The world of pharmaceutical sales is competitive. There are numerous sales representatives who would love to have the same job and a great sales career. How can you be sure you have what it takes to get the job? Let’s take a look at some of the top skills recruiters want to see in a candidate.
Good People Skills
You need to have good people skills when going out to market a product. Get to know your client before you step foot in the door in order to have a leg up. Do they like a friendly, personal tone? Or are they strictly business? Good sales reps do their homework.
Active listening is an important part of having good people skills. Don’t just talk at your client and pitch the sale. Be sure to take a step back and listen to what potential clients are saying: They just might be giving you the clues you need to close the sale. With a bit of sales experience, you’ll learn how to listen and use what you hear to create an end game.
Sharp problem-solving skills are also key to a good sales presentation. You may be ready to pitch your product in one way, but being flexible allows you to adjust to your client’s needs as you go. By listening to what your client is saying and using your knowledge of your field, you can adjust the pitch and work together on a solution that fits everyone’s needs.
Strong Product Knowledge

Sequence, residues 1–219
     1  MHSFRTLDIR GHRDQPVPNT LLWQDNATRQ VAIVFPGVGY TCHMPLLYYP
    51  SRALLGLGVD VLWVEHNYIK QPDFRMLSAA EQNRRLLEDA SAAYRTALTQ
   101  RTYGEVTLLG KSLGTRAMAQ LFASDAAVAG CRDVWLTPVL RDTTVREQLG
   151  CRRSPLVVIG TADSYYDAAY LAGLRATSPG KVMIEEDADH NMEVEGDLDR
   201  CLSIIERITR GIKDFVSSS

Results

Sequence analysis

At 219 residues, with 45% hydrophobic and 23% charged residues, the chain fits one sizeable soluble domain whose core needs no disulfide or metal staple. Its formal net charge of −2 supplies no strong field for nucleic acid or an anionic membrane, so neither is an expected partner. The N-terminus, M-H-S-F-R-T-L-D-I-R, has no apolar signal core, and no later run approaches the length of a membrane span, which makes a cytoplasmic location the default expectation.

The pharmaceutical industry is constantly changing. Technology and science are rapidly evolving, and it is important to stay on the top of these updates. You must demonstrate a strong knowledge of the product you are selling in order to answer questions and show the product in a positive light. No one will take you seriously at the entry level if you don’t sound knowledgeable in your field. Check this list for some ways to read the latest news in your field:
- Have a list of reputable websites bookmarked for easy reading.
- Subscribe to magazines with the latest information in your field.
- Follow relevant drug companies and professionals on social media for updates.
- Find podcasts that discuss relevant information.
- Know the FDA guidelines and regulations.
- Sign up for sales training courses to help you become a better sales representative.
Consider investing in a tablet for on-the-go reading opportunities. Magazines are now delivered digitally, and your bookmarks are available on any device. Grab your tablet when you have time to read and you’ll be ready for any upcoming meeting.
Comfortable with Public Speaking
Pitching a new drug usually requires a presentation. People considering pharmaceutical sales, even at an entry level, will need to be comfortable speaking in a public setting. Whether it be one-on-one with a doctor, or to a purchasing committee, clear articulation is important, especially when using industry jargon. Prepping your pitch before you get to your presentation will help you to stay calm and focus on the information. Be sure to know the proper pronunciation of drug names to avoid looking foolish. It doesn’t take much to accidentally convince someone you are clueless.